The indictments “send a clear signal that when it comes to illegal gambling in Queens County, all bets are off,” said Queens District Attorney Richard A. Brown.
The charges followed a two-year joint investigation by the organized crime operations of both the NYPD and the district attorney’s offices.
Wiretapped phones, along with surveillance and intelligence information, led to the 34-count indictment, authorities said.
The ring used a website and a toll-free number to keep their operation easily available to interested gamblers, authorities charged.
Though a relatively small operation, the ring was able to “reap huge profits” between February 2013-April 2014, said Brown.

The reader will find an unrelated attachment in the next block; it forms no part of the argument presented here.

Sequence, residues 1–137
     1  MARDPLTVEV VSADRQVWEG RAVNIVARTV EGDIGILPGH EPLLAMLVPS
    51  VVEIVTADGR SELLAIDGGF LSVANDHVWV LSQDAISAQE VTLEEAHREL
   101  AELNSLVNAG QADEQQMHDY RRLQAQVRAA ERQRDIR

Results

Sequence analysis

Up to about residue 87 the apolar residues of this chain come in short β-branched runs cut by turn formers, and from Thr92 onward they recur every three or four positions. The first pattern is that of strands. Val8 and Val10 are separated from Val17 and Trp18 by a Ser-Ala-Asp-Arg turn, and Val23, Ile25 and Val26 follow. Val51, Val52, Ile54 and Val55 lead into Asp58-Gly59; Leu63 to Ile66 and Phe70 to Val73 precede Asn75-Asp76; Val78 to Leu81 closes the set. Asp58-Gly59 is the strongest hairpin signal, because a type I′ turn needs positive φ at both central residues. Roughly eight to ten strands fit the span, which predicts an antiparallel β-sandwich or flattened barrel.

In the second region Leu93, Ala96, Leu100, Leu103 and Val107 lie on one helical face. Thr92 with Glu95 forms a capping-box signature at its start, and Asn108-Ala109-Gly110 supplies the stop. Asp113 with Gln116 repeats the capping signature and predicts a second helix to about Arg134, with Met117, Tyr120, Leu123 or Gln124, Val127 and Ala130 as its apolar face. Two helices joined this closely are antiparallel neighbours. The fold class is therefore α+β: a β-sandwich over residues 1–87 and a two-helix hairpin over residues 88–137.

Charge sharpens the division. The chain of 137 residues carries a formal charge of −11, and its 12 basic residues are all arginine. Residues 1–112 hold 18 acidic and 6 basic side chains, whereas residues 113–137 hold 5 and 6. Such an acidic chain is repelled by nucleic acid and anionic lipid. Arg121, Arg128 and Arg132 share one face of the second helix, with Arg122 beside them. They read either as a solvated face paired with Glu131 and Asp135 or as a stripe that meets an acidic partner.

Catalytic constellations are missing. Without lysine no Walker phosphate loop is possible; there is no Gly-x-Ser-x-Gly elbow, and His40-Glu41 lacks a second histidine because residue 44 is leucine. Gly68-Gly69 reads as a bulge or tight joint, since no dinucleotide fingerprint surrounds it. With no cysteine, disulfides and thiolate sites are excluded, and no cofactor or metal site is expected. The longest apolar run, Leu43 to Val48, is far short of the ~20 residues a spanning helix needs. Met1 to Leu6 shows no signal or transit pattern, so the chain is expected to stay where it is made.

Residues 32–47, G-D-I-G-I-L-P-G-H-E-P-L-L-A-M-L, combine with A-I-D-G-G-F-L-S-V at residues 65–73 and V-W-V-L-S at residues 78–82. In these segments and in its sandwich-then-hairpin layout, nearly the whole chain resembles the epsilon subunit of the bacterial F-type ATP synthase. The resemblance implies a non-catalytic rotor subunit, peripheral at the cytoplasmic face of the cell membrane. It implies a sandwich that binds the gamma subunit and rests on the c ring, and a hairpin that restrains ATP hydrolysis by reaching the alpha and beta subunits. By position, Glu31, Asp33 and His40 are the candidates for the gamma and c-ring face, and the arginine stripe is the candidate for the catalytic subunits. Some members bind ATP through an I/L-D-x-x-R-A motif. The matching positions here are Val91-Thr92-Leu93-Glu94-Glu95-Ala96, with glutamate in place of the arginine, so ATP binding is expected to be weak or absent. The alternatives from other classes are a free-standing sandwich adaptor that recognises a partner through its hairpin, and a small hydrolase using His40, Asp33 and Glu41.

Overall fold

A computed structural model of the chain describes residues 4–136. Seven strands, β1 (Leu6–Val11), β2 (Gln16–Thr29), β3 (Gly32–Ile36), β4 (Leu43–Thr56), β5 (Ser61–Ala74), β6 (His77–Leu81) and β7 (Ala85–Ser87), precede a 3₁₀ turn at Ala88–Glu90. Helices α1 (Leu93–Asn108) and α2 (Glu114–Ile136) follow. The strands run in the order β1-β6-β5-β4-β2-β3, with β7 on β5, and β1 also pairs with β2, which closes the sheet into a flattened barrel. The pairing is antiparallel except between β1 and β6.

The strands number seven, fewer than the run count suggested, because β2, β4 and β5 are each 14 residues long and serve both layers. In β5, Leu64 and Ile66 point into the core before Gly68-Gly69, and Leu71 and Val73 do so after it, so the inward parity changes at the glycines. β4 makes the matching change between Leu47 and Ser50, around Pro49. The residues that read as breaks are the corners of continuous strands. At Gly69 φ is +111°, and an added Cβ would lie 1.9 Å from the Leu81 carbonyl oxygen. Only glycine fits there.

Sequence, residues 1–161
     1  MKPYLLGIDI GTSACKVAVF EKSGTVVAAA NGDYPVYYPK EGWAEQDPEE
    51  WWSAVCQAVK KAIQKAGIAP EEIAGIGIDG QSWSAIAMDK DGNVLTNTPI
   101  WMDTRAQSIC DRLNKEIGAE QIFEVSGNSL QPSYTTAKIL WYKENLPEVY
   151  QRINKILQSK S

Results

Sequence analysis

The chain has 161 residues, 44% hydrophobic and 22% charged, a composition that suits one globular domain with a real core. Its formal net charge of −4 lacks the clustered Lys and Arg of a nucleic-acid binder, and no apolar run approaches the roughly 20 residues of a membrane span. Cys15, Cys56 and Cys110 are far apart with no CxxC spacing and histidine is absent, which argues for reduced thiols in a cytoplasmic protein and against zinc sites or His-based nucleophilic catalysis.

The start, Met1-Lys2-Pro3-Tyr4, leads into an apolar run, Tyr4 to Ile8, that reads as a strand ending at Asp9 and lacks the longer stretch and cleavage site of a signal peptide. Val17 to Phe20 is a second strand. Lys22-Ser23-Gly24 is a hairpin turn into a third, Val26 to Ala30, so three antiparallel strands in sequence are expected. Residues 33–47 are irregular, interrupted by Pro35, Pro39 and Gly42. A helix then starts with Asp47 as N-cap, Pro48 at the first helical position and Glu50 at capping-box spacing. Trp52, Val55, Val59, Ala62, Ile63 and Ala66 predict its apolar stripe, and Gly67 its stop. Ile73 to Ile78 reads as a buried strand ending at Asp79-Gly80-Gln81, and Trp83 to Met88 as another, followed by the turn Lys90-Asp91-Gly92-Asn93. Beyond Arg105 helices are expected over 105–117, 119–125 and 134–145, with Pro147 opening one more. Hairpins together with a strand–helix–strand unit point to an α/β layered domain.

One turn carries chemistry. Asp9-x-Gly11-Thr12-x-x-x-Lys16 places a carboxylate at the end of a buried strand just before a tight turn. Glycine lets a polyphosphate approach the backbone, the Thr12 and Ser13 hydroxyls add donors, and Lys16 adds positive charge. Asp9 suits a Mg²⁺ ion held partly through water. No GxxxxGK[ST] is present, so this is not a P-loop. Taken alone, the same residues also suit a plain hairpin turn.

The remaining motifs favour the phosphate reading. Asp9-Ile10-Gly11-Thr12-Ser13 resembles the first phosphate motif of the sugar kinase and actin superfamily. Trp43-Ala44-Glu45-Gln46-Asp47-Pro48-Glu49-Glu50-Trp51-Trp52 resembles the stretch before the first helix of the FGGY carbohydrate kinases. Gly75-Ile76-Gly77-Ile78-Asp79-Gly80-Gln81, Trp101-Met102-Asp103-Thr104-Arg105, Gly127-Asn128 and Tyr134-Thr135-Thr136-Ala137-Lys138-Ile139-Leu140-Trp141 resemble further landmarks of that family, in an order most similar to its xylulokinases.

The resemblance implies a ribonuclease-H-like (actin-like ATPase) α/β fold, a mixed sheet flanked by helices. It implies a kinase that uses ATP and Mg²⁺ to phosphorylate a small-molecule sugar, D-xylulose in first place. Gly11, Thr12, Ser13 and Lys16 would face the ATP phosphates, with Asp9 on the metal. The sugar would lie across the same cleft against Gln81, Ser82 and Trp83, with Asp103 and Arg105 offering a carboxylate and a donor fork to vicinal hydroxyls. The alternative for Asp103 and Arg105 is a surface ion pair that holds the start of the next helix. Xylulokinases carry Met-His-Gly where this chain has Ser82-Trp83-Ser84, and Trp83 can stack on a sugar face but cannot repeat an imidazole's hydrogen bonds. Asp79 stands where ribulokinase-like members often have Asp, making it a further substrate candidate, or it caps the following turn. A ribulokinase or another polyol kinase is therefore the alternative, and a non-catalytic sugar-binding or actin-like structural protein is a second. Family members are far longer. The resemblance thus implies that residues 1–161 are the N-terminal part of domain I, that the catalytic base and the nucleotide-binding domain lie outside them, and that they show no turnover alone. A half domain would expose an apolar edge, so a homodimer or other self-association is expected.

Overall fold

Christopher Morrissey, 42, of Yonkers, was identified as the kingpin of the operation and charged with enterprise corruption, money-laundering, promoting gambling and conspiracy. He faces up to 25 years in prison if convicted.
Arrested along with him were Mitch Fusco, 51, of Yonkers; Louis Cavalli, 56, of Yonkers; Sean Murtagh, 42, of Mount Vernon; and Brian Hull, 37, of the Bronx.
Two Queens men were charged with promoting gambling by taking more than five bets totaling more than $5,000 per day between Nov. 4-14, 2013.

Thursday, January 29, 2015


State gambling regulators grant casinos tax refunds

Updated 3:27 pm, Thursday, January 29, 2015
granted 13 casino-hotels a tax refund worth at least $700,000 total after the properties overpaid Nevada's live entertainment tax.